FKA Twigs: LP1 review

Twigs takes a hammer to twisted R&B on her debut and plays in the rubble

Christopher Hooton
Tuesday 05 August 2014 19:30
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Twigs' prosaic approach to the titling of her releases (EP1, EP2 and the debut album LP1) and her pragmatic solution to a challenge from another artist using the same name (affix a 'Formerly Known As' to the front) have a nonchalance to them that is refreshing at a time when only the most carefully calculated and surrealist collisions of cool-sounding nouns will do for a band name. It puts the music in the fore and shows a supreme confidence in it, and rightly so given how accomplished it is and so early on in her career.

Simultaneously of the future and the past, her songs sound like the kind of ancient requiems that you expect to spill out of glowing orbs when prodded in some dystopian sci-fi movie, and while sultry, drug-addled R&B is an increasingly crowded genre, Twigs takes a hammer to the kind that The Weeknd made famous and plays in the rubble.

An unsettling 'Preface' opens LP1, filled with the bird song "ha ha ha"s that are already her trademark, before tumbling into 'Lights On', a sultry affair that unwinds like a contorted jack in the box. 'Two Weeks' is the lead single and extraordinarily expansive, her vocals gliding as bursts of hi hat and snare pierce them and the bass nosedives like a downed jet engine. It is 'Video Girl' that proves to be the most irresistable of her new tracks though, the tempo slowing so violently at the chorus as to produce the sensation of a subway train the split second before it halts - the groove you've built up in your spine by that point on the verge of dissipating - only to lurch bank into gear for the verse.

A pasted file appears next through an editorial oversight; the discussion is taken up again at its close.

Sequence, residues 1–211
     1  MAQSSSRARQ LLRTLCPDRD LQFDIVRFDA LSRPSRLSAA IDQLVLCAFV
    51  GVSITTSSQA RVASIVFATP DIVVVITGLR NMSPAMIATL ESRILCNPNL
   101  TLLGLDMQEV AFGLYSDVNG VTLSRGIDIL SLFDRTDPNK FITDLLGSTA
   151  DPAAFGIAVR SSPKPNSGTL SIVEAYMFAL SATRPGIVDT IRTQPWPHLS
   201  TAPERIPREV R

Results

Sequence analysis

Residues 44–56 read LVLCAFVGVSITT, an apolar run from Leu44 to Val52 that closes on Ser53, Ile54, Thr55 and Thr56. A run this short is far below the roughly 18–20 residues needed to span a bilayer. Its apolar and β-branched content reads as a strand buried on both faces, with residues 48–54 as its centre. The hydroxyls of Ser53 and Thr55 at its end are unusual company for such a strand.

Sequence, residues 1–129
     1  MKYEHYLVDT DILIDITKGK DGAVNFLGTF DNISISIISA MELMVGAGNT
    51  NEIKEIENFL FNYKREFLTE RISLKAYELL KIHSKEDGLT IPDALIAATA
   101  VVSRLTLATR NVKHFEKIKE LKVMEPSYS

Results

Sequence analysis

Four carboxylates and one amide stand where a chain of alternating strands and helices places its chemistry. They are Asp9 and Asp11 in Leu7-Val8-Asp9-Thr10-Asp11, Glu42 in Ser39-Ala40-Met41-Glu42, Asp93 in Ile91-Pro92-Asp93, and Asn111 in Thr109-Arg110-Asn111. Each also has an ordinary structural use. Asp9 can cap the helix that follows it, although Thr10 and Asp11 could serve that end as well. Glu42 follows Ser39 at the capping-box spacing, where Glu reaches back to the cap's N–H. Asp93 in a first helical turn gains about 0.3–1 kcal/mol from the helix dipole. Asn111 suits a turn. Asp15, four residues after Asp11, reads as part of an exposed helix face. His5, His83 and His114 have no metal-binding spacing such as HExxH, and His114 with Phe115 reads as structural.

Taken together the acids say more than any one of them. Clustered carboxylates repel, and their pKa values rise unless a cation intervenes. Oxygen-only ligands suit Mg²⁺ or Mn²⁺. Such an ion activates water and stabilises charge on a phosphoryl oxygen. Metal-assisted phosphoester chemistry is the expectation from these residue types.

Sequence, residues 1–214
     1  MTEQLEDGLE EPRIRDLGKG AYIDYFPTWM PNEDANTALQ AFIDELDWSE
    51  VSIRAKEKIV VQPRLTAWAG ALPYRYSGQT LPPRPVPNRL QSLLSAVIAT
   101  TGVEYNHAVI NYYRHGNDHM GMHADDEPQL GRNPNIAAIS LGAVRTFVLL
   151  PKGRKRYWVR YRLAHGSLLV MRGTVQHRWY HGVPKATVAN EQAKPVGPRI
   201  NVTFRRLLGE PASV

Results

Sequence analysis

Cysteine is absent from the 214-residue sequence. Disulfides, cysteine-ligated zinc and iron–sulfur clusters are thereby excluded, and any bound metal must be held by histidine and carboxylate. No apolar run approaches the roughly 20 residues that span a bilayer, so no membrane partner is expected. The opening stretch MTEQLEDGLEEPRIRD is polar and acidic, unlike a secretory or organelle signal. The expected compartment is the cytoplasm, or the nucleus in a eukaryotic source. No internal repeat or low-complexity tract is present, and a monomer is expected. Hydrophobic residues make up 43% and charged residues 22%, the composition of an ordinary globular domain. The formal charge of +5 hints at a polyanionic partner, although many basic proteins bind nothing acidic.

LP1 has its own peculiar tides and moves at its own pace, its distortions mirroring the twists and turns of relationships and the against-better-judgement fucks that form its lyrics. Like the very best sex, and evocative of it, LP1 is breathy and breathless, arythmic and arrhythmic.

There aren't as many 4am jams on here of the 'Papi Pacify' ilk, which may bother some fans, but the album operates a little later into the hangover and is more impressive for it. It feels carefully crafted and yet somehow gloriously spontaneous and accidental.

Twigs seems destined for endless comparisons with Banks such is the similarities in their sound, and it will be interesting to see whether the American's debut album can live up to this when it drops in September, but Twigs has the edge at the moment in terms of originality and texture, the vocals being of a higher thread count, the melodies reaching that bit further out into the ether.

FKA Twigs emerges the high priestess of R&B's latest corruption, and the world will kneel at the altar.

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